Re: [asa] Brownback on evolution

From: PvM <>
Date: Sun Jun 17 2007 - 14:52:39 EDT

On 6/17/07, David Clounch <> wrote:
> On 6/15/07, PvM <> wrote:
> > Your reading of Kaufman seems to be flawed as it did not rule that the
> > government agencies have no right to ban religious ideas
> I said(My teaser to Dave Wallace to pique his interest):
> "It actually says that government agencies don't have the right to ban
> religious ideas, BTW. "
> 7th Circuit:
> "defendants infringed on his right to practice
> his religion when they refused to allow him to create an inmate group to
> study and discuss atheism".
> Study and discuss? Study and discuss what? Chess? No, study and discuss
> the religious ideas of atheism. So, pardon me for leaping to the alleged
> seemingly wild speculation and alleged "flawed" conclusion that it was
> discussion of religious ideas (of atheism) which the government officials
> were seeking to ban (while at the same not banning
> Wiccan,Buddhist,Christian,and Islamic religious ideas). Do they have the
> power to ban one but not the others? The readers can draw their own
> conclusions. Can't they?

Your argument is evolving from 'government agencies have no right to
ban religious ideas' to 'they have no right to ban one religious idea
but not the others'. I hope that the readers can appreciate the big
difference between the two statements.
Yes, government agencies have the right to ban religious ideas. In
this case there was no secular purpose to ban atheism, which for the
purpose of the ruling was defined as relevant to the religion clause
even though it is a nonreligion.

> I said: "It reinforces the idea that ideas pertaining to "ultimate"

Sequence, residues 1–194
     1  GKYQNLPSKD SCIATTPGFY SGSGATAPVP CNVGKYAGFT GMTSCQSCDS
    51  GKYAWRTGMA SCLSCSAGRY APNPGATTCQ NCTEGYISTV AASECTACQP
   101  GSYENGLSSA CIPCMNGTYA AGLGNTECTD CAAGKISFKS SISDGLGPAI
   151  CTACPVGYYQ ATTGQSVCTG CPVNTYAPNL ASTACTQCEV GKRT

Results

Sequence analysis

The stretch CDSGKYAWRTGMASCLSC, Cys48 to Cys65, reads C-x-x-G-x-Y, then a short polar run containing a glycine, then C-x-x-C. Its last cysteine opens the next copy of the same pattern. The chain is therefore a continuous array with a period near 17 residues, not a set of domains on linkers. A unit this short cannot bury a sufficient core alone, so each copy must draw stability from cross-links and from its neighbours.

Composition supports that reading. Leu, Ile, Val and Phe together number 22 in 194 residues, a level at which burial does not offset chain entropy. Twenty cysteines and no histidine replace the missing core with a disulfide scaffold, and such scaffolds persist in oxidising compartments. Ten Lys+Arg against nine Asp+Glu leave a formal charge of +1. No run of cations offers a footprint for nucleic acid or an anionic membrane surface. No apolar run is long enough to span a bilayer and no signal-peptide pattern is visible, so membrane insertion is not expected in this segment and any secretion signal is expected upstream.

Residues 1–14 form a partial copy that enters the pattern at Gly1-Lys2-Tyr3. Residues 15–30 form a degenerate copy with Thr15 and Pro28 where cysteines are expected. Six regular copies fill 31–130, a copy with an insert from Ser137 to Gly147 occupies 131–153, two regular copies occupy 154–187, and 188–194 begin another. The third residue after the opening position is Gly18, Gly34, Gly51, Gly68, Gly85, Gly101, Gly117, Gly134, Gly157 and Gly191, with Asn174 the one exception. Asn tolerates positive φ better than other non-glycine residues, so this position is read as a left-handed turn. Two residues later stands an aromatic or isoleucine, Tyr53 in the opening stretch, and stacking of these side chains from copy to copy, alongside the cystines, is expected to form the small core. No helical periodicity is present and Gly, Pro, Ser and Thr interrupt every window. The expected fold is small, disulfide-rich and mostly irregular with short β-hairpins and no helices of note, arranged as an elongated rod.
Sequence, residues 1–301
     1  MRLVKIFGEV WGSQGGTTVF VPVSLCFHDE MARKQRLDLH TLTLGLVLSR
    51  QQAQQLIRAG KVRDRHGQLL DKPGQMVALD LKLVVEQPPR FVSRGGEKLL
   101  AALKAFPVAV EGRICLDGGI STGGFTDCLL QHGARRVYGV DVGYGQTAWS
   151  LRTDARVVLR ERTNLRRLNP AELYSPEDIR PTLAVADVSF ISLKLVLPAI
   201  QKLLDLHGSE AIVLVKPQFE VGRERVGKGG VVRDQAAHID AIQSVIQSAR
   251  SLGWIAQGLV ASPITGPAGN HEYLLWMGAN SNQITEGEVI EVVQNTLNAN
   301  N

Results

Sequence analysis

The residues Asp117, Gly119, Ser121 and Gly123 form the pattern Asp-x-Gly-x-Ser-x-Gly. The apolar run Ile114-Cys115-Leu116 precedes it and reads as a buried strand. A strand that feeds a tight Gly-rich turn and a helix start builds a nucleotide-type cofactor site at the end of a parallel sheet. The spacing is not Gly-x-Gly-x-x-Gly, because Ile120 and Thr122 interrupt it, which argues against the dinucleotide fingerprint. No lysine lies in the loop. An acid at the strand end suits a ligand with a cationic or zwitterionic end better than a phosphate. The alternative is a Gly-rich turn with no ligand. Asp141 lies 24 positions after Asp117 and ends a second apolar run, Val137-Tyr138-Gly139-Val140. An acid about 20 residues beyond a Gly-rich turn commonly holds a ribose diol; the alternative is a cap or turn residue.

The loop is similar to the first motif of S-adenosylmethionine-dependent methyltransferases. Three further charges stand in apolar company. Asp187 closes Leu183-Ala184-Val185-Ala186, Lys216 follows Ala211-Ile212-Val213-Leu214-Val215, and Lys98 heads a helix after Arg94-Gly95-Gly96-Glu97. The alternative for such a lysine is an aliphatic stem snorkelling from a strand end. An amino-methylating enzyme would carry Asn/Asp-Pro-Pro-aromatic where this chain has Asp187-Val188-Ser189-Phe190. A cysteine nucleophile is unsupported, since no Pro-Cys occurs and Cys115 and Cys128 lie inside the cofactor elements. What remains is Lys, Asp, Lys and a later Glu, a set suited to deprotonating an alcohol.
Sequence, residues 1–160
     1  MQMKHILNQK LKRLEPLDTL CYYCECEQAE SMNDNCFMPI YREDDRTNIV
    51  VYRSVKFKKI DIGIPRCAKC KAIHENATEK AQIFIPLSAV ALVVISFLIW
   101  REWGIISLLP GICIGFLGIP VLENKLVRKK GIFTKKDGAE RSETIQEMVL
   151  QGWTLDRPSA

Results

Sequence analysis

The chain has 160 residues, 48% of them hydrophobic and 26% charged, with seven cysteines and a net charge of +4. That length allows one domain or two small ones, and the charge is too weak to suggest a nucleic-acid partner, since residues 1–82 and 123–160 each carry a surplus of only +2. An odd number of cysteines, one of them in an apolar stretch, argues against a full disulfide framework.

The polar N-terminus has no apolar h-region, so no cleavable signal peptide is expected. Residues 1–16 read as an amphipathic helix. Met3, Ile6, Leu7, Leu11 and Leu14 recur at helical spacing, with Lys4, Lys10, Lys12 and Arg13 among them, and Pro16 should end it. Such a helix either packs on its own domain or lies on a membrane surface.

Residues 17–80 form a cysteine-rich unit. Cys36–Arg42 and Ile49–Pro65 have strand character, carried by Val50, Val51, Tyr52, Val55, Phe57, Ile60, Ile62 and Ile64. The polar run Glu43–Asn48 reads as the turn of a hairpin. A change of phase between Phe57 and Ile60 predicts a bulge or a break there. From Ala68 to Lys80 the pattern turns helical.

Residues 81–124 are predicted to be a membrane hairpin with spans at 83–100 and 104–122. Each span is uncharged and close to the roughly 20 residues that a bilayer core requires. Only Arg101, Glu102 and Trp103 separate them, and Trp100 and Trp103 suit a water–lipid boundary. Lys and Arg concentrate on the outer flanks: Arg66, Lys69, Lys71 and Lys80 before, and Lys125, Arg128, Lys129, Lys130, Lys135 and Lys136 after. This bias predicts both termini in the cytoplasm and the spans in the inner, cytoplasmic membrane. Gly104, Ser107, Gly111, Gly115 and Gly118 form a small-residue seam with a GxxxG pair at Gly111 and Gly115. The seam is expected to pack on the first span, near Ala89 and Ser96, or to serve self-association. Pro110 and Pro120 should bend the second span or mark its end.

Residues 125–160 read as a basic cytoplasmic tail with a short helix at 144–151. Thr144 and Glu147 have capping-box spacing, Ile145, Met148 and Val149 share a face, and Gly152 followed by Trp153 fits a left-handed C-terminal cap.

> questions are protected, (getting that from previous case). "
> 7th Circuit mentions ultimate concern:
> we have suggested in the past that when a
> person sincerely holds beliefs dealing with issues of "ultimate
> concern" that for her occupy a "place parallel to that
> filled by . . . God in traditionally religious persons," those
> beliefs represent her religion. Fleischfresser v. Dirs. of Sch.
> Dist. 200, 15 F.3d 680, 688 n.5 (7th Cir. 1994) (internal
> citation and quotation omitted); see also Welsh v. United
> States, 398 U.S. 333, 340 (1970); United States v. Seeger,
> 380 U.S. 163, 184-88 (1965). We have already indicated that
> atheism may be considered, in this specialized sense, a
> religion. See Reed v. Great Lakes Cos., 330 F.3d 931, 934
> (7th Cir. 2003) ("If we think of religion as taking a position
> on divinity, then atheism is indeed a form of religion.").

As some else points out

<quote>They referred to another Supreme Court decision (Wallace v.
Jaffree, 472 U.S. 38 (1985)), where the court said:

    "At one time it was thought that this right [referring to the
right to choose one's own creed] merely proscribed the preference of
one Christian sect over another, but would not require equal respect
for the conscience of the infidel, the atheist, or the adherent of a
non-Christian faith such as Islam or Judaism. But when the underlying
principle has been examined in the crucible of litigation, the Court
has unambiguously concluded that the individual freedom of conscience
protected by the First Amendment embraces the right to select any
religious faith or none at all."</quote>

Based on all this the court argues that

<quote>Id. at 52-53. In keeping with this idea, the Court has adopted
a broad definition of "religion" that includes non- theistic and
atheistic beliefs, as well as theistic ones. Thus, in Torcaso v.
Watkins, 367 U.S. 488, it said that a state cannot "pass laws or
impose requirements which aid all religions as against non-believers,
and neither can [it] aid those religions based on a belief in the
existence of God as against those religions founded on different
beliefs." Id. at 495. Indeed, Torcaso specifically included "Secular
Humanism" as an example of a religion. Id. at 495 n.11. </quote>

Hope this clarifies both the caselaw as well as my argument rebutting
David C's original claim. If David C wants to revise his original
comments and evolve them into " Do they have the
 power to ban one but not the others? " then fine, even in the latter
case there can indeed be a valid secular reason to do so. So the
answer remains yes, the government has the right to ban religious
ideas, or even one religious idea and not others.

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Received on Sun Jun 17 14:52:48 2007

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